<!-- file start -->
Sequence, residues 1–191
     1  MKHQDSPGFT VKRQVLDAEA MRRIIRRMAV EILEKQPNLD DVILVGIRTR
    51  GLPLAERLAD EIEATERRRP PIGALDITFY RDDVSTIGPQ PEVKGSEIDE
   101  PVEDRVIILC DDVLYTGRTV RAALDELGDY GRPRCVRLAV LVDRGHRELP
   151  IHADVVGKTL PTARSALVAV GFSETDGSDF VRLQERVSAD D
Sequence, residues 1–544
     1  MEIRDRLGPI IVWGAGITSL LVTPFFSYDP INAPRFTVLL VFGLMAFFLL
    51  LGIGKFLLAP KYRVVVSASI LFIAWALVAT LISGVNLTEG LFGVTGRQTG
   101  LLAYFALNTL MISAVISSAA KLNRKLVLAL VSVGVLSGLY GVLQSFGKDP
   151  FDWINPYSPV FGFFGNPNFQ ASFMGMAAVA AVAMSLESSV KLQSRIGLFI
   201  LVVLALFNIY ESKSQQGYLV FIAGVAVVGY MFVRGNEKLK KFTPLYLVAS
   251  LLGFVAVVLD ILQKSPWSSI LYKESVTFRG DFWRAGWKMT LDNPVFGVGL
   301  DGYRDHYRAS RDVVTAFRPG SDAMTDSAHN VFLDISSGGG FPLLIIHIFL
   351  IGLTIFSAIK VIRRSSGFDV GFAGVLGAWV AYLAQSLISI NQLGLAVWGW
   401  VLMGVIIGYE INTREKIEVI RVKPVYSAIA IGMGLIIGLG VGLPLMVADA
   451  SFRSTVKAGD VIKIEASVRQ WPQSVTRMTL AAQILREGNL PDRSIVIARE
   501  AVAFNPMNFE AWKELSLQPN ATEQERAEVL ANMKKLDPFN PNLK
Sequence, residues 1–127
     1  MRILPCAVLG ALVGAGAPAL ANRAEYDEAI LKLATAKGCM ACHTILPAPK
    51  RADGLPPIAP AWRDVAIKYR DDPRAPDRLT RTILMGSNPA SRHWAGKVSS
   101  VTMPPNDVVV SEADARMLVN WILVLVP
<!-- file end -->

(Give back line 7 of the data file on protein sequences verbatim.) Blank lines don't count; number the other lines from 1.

     1  MEIRDRLGPI IVWGAGITSL LVTPFFSYDP INAPRFTVLL VFGLMAFFLL